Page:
Hong Kong: A democracy with an expiration date.

Human rights in Hong Kong have a firm expiration date: July 1, 2047. That’s the date that the sovereignty of Hong Kong terminates and the day that the city-state becomes a part of mainland China.

Those in Hong Kong enjoy freedoms of speech and rights that are a far-cry from their Chinese neighbors to the North. And although the handover doesn’t happen until 2047, China has already begun to expand its sphere of influence. With an independent but heavily Beijing-influenced government, the leaders of Hong Kong have already put universal suffrage and freedoms of speech directly at risk.

Joyce Liu immigrated from Hong Kong with her family in 2016. Since then, she’s watched from afar as China has begun to replace the Hong Kong she knows with the one that Beijing wants. Joyce’s message is simple. Her people are begging loudly for an intervention. But nobody is listening.

Tell me about yourself. You grew up in Hong Kong?


Joyce, a Hong Kong native, recently graduated teaching school.

Yeah. What’s really interesting is I was actually born on October 2nd, and October 1st is a national holiday for China. So, like, because of that, I was very aware of the handover. It happened in ’97, so it’s always a very big connection to everything. I’m horrible at dates, but I remember that specifically because of my birthday.

I think obviously growing up I was too young to recognize what was happening politically. But I think I was very sheltered. I was sheltered in the sense that we don’t talk about it in schools, even in local schools. And, I went through a communion school. So there’s that extra layer. At the same time at home I speak Cantonese. I’m very local. I do follow up with watching the news, I know what’s happening. 

Then obviously, there was the Occupy Central demonstration back in 2015, I want to say. Maybe 2014. But you know, being politically active wasn’t a thing in Hong Kong, at least it wasn’t until very recently.

When was the first time you realized there were political issues?

I think before the protests, I knew about other issues that were happening. Like, the overcrowding of the emergency rooms. People from China were giving birth in Hong Kong to the point where locals were not able to reserve a spot to give birth. There’s a lot of build up to where we are today, but I knew about the emergency room and baby situation, and I knew about the situation where they would flood here at the borders.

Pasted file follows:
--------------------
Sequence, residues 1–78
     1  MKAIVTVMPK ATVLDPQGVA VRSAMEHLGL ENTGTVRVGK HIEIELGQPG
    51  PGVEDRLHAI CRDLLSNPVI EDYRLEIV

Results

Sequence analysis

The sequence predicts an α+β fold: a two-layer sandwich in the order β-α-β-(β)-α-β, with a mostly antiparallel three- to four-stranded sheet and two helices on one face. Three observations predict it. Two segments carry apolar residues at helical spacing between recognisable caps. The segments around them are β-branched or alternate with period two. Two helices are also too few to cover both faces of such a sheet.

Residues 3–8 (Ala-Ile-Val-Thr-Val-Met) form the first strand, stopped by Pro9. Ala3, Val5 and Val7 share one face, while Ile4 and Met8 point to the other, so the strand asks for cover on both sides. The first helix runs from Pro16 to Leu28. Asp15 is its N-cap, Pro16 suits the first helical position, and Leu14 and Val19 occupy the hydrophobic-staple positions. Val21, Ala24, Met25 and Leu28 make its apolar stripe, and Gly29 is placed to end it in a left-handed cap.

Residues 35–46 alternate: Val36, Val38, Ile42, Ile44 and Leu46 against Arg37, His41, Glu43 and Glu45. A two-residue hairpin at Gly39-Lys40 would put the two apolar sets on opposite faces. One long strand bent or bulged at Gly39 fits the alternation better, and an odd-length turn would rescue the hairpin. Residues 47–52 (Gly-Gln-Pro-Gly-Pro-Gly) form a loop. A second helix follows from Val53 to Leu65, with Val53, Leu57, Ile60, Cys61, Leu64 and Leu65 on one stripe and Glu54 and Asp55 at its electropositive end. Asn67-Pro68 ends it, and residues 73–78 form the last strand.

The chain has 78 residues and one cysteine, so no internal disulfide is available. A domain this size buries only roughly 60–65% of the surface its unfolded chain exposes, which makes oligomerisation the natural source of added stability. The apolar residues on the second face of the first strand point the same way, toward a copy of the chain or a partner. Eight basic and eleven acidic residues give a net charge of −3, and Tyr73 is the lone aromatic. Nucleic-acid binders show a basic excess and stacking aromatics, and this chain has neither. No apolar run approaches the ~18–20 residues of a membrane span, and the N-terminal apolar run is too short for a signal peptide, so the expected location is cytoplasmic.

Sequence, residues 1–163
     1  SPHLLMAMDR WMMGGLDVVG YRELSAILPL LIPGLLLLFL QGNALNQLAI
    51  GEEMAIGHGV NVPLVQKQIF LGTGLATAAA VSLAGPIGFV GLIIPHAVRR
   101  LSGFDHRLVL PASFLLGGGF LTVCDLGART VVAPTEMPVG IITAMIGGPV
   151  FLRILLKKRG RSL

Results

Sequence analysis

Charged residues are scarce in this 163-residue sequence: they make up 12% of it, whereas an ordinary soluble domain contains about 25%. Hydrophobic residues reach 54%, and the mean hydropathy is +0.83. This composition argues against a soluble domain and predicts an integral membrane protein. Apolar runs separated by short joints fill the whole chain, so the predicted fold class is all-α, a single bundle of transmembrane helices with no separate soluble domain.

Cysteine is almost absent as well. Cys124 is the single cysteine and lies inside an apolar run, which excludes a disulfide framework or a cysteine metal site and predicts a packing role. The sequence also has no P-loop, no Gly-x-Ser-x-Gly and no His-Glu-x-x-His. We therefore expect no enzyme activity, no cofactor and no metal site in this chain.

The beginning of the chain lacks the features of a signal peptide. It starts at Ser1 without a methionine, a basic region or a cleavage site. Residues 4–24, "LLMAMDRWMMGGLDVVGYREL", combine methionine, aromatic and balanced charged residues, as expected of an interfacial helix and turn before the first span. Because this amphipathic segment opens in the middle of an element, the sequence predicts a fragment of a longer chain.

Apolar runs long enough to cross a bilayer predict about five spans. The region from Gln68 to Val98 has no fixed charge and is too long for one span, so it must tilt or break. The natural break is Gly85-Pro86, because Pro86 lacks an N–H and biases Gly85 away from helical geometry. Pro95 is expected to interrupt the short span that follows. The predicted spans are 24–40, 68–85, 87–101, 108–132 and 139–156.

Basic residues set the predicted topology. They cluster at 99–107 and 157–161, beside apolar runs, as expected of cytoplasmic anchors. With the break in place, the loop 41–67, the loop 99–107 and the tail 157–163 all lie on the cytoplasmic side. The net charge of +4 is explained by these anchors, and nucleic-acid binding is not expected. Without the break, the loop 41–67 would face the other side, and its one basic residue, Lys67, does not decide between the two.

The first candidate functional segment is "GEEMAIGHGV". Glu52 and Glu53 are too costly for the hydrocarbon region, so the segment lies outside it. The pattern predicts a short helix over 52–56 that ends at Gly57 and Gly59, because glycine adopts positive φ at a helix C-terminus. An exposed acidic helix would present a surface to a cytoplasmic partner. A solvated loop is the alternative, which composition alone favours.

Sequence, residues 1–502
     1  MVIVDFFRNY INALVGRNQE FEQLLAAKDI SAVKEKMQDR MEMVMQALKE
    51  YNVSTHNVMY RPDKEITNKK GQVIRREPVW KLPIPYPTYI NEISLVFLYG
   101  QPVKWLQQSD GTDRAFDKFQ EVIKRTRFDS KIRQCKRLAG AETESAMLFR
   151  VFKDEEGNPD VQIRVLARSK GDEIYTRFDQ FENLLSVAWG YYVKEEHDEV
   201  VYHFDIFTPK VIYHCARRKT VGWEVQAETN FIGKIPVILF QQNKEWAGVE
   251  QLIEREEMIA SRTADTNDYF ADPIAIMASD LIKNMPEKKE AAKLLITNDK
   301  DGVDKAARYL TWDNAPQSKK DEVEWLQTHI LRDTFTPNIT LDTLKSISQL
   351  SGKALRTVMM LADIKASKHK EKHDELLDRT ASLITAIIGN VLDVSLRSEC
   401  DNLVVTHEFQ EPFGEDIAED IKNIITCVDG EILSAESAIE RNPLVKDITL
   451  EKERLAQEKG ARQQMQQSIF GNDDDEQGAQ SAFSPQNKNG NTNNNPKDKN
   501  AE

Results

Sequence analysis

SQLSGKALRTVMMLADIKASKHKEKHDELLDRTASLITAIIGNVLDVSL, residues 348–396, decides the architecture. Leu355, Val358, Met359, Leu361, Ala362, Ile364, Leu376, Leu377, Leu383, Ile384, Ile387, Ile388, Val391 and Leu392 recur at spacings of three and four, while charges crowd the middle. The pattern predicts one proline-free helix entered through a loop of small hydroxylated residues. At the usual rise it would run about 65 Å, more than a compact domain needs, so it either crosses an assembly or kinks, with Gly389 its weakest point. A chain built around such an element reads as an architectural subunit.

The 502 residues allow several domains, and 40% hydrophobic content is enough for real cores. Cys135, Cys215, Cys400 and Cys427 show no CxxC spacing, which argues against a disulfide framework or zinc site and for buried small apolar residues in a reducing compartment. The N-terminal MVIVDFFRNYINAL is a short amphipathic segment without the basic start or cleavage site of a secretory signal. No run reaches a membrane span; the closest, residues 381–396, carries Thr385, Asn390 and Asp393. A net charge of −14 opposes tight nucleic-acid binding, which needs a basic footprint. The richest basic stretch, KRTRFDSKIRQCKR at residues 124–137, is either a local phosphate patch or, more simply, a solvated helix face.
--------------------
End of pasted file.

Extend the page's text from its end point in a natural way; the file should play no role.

They would get all the baby formula and go back to the mainland because they don’t have baby formula. And all these medications too. If you go to where the borders are, pharmacy is such a big industry. And it has killed a lot of small business owners and killed a lot of local businesses. That’s where the tension started building off, and as somebody who was born and raised in Hong Kong, we were taught to hate the mainland. 

That was my next question. What was the education like about the Chinese party and China in general?

When I was younger, whenever we would go to China, my mom would give me these horror stories about how, like, organs were stolen in the bathroom. We were totally traumatized and horrified. We would go back, of course, and as they years progressed it would be easier for us to go across the border. There are a lot of spas and massages on the Chinese side. Still, it’s very love and hate. We love how cheap things are there. But we also hate the people when they come over, because they do all these rude things to us. It’s a love-hate relationship. But more and more, we hate China because of the government. It’s really hard to not be biased when you meet someone from mainland — and you can tell from the accent. It’s kind of like, I guess in America with the latinos or the Mexican border.


Hong Kongers participate in the now well-known Umbrella Movement in favor of universal suffrage.

So, the Chinese came over for the pharmaceutical industry. Where did it go from there and how did we get where we are now?

Right. So obviously there’s the hospital aspect, and then I think because the border eased up so that a lot of people from China could come over. So that really brought up the economy and the business aspect. So we benefit from it a lot, but not locally. They come here and they are ready to spend — they buy from Gucci, Louis Vuitton. But a lot of people hate that we don’t speak Cantonese as much anymore. The cities are crowded with tour busses. If you speak Cantonese and you walked into Chanel, they don’t treat you the same as someone who speaks Mandarin. I think it’s boiled to that.

And obviously there’s the problem that they pump up the prices so that it is just impossible for locals to buy a house. In traditional Chinese culture, you get a house and then you get married. So, a lot of people are like, “I can’t get married because I don’t have a house!”